I learned on a mil. spec. system. In pirate jumping it has a number of
advantages. You have a set of 5 individual cords that you group together in
a set of 3,4,or5. So you can jump from 100-250lbs with one set of cords.
They are covered in Nylon (or Cotton) sheaths that protect them from dirt
when you lay them down. Also, the redundancy of multiple cords, as well as
the sheaths which act as a static back up in the case of over elongation,
provide (I believe) a greater degree of safety. Traditional mil. spec.
cords have an elongation of about 110%. By the way, in the "bungy or
bungee" page a common mistake is made about this word. Elongation refers to
the change in length of the cord, not the ultimate loaded length. So 110%
elongation in a 100 foot long cord is 110 feet for a total stretched length
of 210 feet, or 2.1 times it's original length. Since mil. spec. cord
stretches less, a longer length is often used, resulting in more initial
After the 1995 X-games I realized that, because of the bigger rebounds, more
acrobatic stunts were possible on all rubber cord. So I set about learning
how to build that type of cord. New Zealand style cord is built with a
ribbon, about 3 inches wide, composed of a number of stands of rubber. This
is wrapped around teflon spools, tied together, stretched to it's ultimate
elongation and wrapped down it's length, with the same type of rubber, to
hold it all together.
The actual building of an all rubber cord, or tying loops on the ends of
mil. spec. cord is not something that can be learned through words only.
You need to learn first hand from someone who knows what they are doing. So
you can watch them and they can check your work. The same goes for the
bungee system, whether it's a lowering system, a man basket on a winch, or a
raising system, you either need to learn it first hand or start from scratch
with the engineering done on all the materials, and many practice "jumps"
done with sandbags.
New Zealand specification cord has an elongation of 200-300%, i.e. it will
stretch to 3-4 times it's original length. I believe the Kocklemans came up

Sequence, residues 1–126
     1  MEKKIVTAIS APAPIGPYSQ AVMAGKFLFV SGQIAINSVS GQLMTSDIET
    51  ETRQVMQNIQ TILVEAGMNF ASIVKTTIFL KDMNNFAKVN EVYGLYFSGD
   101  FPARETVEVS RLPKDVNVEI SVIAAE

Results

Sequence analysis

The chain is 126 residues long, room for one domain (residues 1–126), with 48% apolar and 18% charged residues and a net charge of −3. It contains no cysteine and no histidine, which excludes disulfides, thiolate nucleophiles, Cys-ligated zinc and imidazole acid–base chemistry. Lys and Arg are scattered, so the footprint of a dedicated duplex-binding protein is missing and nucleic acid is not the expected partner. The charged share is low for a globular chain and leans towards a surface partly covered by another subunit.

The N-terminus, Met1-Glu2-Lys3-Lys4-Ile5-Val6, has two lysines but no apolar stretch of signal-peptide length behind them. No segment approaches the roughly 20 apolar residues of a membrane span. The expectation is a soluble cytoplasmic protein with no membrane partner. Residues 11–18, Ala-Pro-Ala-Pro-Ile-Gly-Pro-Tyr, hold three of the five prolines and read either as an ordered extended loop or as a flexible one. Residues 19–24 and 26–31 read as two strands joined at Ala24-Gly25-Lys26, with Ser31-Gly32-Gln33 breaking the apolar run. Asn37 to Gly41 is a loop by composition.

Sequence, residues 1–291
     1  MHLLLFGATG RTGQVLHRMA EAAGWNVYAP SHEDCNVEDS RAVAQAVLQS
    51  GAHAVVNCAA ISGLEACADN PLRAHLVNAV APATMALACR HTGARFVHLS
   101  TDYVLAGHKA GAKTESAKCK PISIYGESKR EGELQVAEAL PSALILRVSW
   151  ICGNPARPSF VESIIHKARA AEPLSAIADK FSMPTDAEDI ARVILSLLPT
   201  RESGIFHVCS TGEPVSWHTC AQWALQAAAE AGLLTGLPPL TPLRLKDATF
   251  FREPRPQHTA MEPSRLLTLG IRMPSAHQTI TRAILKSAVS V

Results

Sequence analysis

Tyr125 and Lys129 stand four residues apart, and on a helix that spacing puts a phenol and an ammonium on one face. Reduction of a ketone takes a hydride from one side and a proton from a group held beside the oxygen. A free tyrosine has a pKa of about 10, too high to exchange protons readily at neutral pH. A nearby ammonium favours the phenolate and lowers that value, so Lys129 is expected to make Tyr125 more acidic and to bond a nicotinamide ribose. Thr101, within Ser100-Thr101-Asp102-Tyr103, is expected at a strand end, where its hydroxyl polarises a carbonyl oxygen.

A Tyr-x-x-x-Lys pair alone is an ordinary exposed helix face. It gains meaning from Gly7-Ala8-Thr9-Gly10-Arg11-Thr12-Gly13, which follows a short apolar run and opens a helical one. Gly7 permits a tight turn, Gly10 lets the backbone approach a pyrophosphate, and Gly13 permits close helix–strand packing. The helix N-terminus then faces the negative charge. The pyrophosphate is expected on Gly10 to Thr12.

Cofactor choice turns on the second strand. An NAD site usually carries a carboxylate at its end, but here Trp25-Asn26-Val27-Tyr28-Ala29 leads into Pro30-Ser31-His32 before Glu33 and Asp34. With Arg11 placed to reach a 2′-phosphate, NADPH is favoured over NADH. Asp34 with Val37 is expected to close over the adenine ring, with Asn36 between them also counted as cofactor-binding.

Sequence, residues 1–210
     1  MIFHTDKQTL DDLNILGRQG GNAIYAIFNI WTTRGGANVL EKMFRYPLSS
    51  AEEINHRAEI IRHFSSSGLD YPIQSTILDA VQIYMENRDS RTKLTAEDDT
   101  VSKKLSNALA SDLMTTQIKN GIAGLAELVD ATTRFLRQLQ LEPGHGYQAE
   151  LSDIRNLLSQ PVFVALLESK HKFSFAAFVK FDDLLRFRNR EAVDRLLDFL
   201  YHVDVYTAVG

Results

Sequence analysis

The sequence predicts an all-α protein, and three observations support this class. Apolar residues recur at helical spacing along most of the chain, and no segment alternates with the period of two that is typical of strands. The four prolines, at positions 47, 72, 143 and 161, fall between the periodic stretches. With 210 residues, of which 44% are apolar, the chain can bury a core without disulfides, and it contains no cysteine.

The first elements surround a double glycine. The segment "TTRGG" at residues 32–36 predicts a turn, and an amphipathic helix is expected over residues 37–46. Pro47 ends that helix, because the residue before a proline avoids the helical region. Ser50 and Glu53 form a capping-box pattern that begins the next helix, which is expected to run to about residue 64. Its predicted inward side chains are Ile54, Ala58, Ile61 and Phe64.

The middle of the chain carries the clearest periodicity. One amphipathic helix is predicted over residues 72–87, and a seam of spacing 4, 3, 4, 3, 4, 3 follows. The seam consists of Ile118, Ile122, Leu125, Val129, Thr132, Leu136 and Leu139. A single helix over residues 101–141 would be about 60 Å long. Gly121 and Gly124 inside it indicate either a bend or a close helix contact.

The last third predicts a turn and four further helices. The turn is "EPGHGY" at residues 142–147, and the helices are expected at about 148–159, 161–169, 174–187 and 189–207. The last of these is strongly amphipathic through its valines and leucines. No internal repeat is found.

with the idea of building a length of webbing into all rubber cord. This
back up is the length of the ultimate elongation of the cord. This gives it
the redundancy that I like. The Kocklemans build their cords thicker than
New Zealand specs. This gives the cord a long life (over 1000 jumps) but
results in higher G-forces, and less ability to do rebound tricks. I
believe their elongation is 150-200%.
It is difficult to determine actual elongation because many people will tell
you the length of the all rubber cord before it is stretched out and tied
down it's length. This makes the cord a little longer (about 5-10%) than
when the ribbon is first layed around the spools. For example, for a 100
foot jump you would first lay the rubber out at 22.5 feet, which would need
to stretch to 4.5 times it's original length to get to 100 feet. But once
the cord is stretched and tied it would be about 25 feet long. So then it
would need to stretch to 4 times it's length to reach 100 feet.
Well, I'm starting to ramble so that's all I have to say about that. Here's
some info for your bungee sites list. Total Rebound and Yesh in California
are friends of mine that are no longer in the business. My company will be
active again in Northern California in December 1996. I'll update you
later. The sites at Raging Waters and Big Bear were both temporary stops
for Thrill Sport Productions, who produces our show in Taiwan. They will
have arches at state fairs this summer in Wisconsin, Michigan, Ohio, and
other places. Their Corporate office is 88 A Elm St. Hopkington MA 01748
Tel.(508)435-0420 Fax(508)435-6594. Total Hard Core Gear, in Redding
California, makes what I think are the best harnesses. They make both ankle
harnesses and chest and waist harnesses. They are fleece covered, well
padded, and use self locking parachute buckles, which are easy to use and
secure. Sorry, I don't have their address or phone number. I used the N.Z.
Bungy Knot ankle binding at the 95 X-games and didn't like it. Like you
said, you feel trapped. Also, the force is transferred to your legs with a
1 inch strap, which, even though padded, digs in after a while. The worst
thing though is that when it tightens there is a 2 foot strap of webbing
hanging off which can wrap around your calf on a rebound and then your are
hanging from an unpadded 1 inch strap which really abrades the skin and can
cause hematomas. This happened to three of my friends at the '95 Extreme
Steve who wrote that section above believes that the US mil spec
system is safer because of the extra redundancy, but the Euro cords do
have the advantage that they can be inspected after each jump for
signs of rubber failure or possible problems. The sheath on Mil spec
cords prevents this. Some Euro cords have an extra static line built
into the core to prevent over stretch and provide extra backup. The
term Euro cord is a little misleading - this cord is used and made in
Mil Spec cord is cord that is made to US military specifications,
these specifications were designed to hold down tanks on boats and in
planes rather than to suspend adrenaline junkies jumping off
bridges. As it turns out they work rather well for both!.
Here is some mil. spec cord made by Glenn from Bungee
Experience. The pink/white stuff is the cord, the blue webbing is
attached in a very special way to the ends of the cords so that
carrabiners can be attached to each end. The way the end of the cord
is connected with a piece of webbing is called termination. The Red
Tape is part of the special way the cords are terminated.
Lots + lots of people have asked me for bungee cords specs and
I just got emailed this from J Kockelman (cheers!)
I found a page on bungee.com (link expired) which had a technical paper on Bungee jumping.